Early Art of the Southeastern Indians

Early Art of the Southeastern Indians

Feathered Serpents & Winged Beings

Book - 2004
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Univ of Georgia Press
Presenting artifacts originating in the Archaic through the Mississippian periods—from thousands of years ago through A.D. 1600—Power introduces us to an extraordinary assortment of ceremonial and functional objects that offer clues to their creators’ widening awareness of their physical and spiritual worlds.

Book News
Unusual for its depth of research and analysis, this volume presents a history of the art and archaeology of the peoples living in what is now the southeast US from prehistoric times to the 17th century. Much of the volume is devoted to the sites of the Mississippian culture and the works of metal, ceramic, wood, and textile that have been found there. Discussion is included on the Serpent Mound, the Rock Eagle Effigy Mound, Cahokia Mounds, and other major sites. In detailed chapters, Power (art , Marshall U., Huntington, West Virginia) discusses the history of study of each site, the symbolism of the works recovered, the possible uses of the work, and ritual practice. A chapter is included on the artist and artistic practice. Annotation ©2004 Book News, Inc., Portland, OR (booknews.com)

Blackwell North Amer
<p><i>Early Art of the Southeastern Indians</i> is a visual journey through time, highlighting some of the most skillfully created art in native North America. The remarkable objects described and pictured here, many in full color, reveal the hands of master artists who developed lapidary and weaving traditions, established centers for production of shell and copper objects, and created the first ceramics in North America.</p><p>Presenting artifacts originating in the Archaic through the Mississippian periods&mdash;from thousands of years ago through A.D. 1600&mdash;Susan C. Power introduces us to an extraordinary assortment of ceremonial and functional objects, including pipes, vessels, figurines, and much more. Drawn from every corner of the Southeast&mdash;from Louisiana to the Ohio River valley, from Florida to Oklahoma&mdash;the pieces chronicle the emergence of new media and the mastery of new techniques as they offer clues to their creators’ widening awareness of their physical and spiritual worlds.</p><p>The most complex works, writes Power, were linked to male (and sometimes female) leaders. Wearing bold ensembles consisting of symbolic colors, sacred media, and richly complex designs, the leaders controlled large ceremonial centers that were noteworthy in regional art history, such as Etowah, Georgia; Spiro, Oklahoma; Cahokia, Illinois; and Moundville, Alabama. Many objects were used locally; others circulated to distant locales.</p><p>Power comments on the widening of artists’ subjects, starting with animals and insects, moving to humans, then culminating in supernatural combinations of both, and she discusses how a piece’s artistic “language” could function as a visual shorthand in local style and expression, yet embody an iconography of regional proportions. The remarkable achievements of these southeastern artists delight the senses and engage the mind while giving a brief glimpse into the rich, symbolic world of feathered serpents and winged beings.</p>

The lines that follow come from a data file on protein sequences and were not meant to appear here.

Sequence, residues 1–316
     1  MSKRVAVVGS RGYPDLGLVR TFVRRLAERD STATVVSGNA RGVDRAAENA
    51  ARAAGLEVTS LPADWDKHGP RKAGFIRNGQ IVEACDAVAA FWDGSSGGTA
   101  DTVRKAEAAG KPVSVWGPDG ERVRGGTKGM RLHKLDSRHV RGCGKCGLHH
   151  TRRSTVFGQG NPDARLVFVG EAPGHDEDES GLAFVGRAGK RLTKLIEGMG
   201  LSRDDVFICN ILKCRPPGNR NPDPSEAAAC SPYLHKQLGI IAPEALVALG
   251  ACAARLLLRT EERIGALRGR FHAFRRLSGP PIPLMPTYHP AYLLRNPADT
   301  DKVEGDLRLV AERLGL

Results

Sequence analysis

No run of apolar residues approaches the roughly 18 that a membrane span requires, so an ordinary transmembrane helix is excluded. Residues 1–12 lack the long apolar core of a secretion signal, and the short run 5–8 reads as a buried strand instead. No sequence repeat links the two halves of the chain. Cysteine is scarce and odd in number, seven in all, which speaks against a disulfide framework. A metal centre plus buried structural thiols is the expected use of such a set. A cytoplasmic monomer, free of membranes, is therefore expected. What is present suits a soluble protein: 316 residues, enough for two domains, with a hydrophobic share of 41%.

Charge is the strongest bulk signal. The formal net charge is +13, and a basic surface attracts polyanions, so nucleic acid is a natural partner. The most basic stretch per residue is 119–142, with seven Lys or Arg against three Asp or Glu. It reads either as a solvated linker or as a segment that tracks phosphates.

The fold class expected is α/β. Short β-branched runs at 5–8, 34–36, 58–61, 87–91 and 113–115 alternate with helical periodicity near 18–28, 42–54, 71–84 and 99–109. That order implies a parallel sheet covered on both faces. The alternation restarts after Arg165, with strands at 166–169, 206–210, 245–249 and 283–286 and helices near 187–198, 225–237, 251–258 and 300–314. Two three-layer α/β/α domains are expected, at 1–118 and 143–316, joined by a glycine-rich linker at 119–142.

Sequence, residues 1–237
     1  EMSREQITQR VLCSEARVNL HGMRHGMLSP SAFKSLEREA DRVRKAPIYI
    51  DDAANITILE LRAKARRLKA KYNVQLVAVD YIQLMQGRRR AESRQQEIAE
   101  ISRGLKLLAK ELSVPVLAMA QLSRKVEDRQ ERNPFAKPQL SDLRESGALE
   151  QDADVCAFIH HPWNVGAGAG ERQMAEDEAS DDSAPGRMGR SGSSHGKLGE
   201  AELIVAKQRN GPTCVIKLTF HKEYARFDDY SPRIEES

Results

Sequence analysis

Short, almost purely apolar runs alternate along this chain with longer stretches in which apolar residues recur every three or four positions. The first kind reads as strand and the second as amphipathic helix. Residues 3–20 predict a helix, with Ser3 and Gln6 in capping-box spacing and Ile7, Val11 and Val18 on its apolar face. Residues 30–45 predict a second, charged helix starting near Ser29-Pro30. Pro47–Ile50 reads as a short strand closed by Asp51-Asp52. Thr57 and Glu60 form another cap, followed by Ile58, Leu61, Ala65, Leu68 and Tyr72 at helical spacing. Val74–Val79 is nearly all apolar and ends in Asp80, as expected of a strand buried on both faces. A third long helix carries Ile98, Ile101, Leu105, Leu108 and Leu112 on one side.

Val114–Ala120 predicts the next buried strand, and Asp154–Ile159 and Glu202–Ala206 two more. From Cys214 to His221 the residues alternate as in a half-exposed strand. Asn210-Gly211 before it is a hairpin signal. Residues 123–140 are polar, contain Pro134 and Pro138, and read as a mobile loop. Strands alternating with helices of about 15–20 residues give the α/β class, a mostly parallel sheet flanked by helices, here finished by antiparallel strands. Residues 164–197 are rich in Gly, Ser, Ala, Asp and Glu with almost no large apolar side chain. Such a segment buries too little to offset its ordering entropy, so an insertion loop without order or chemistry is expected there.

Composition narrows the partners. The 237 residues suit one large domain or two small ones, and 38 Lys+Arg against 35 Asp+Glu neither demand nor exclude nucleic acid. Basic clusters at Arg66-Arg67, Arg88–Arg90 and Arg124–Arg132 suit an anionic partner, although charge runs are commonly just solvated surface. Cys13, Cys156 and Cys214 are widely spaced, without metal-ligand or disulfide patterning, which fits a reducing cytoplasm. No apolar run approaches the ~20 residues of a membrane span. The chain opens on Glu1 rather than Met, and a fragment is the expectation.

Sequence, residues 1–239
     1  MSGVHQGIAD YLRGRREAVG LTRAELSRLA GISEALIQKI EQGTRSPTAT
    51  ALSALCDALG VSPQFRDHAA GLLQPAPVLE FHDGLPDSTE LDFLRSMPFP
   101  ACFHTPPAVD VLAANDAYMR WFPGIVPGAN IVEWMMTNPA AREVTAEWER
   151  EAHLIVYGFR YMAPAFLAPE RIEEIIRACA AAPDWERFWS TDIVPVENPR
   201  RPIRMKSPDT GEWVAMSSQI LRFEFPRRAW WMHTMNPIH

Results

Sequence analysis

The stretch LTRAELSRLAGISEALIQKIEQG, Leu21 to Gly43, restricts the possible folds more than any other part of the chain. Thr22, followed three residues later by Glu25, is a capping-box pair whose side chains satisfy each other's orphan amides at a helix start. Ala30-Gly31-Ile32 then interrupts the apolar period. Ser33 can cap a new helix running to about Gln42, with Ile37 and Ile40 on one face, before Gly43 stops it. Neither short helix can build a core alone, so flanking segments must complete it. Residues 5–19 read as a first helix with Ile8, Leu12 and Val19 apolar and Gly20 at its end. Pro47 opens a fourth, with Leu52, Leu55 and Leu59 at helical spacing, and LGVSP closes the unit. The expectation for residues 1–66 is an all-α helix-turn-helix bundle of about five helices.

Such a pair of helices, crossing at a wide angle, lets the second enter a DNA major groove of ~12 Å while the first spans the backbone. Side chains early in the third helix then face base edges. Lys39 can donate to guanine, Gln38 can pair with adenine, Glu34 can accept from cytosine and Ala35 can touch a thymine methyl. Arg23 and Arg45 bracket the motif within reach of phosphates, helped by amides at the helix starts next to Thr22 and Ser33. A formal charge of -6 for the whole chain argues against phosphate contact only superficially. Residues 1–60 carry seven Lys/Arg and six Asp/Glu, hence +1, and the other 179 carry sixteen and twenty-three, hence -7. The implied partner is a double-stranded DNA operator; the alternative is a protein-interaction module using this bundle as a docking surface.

Publisher: Athens : University of Georgia Press, c2004
ISBN: 9780820325019
0820325015
Characteristics: xii, 254 p. : ill. (some col.), maps ; 29 cm

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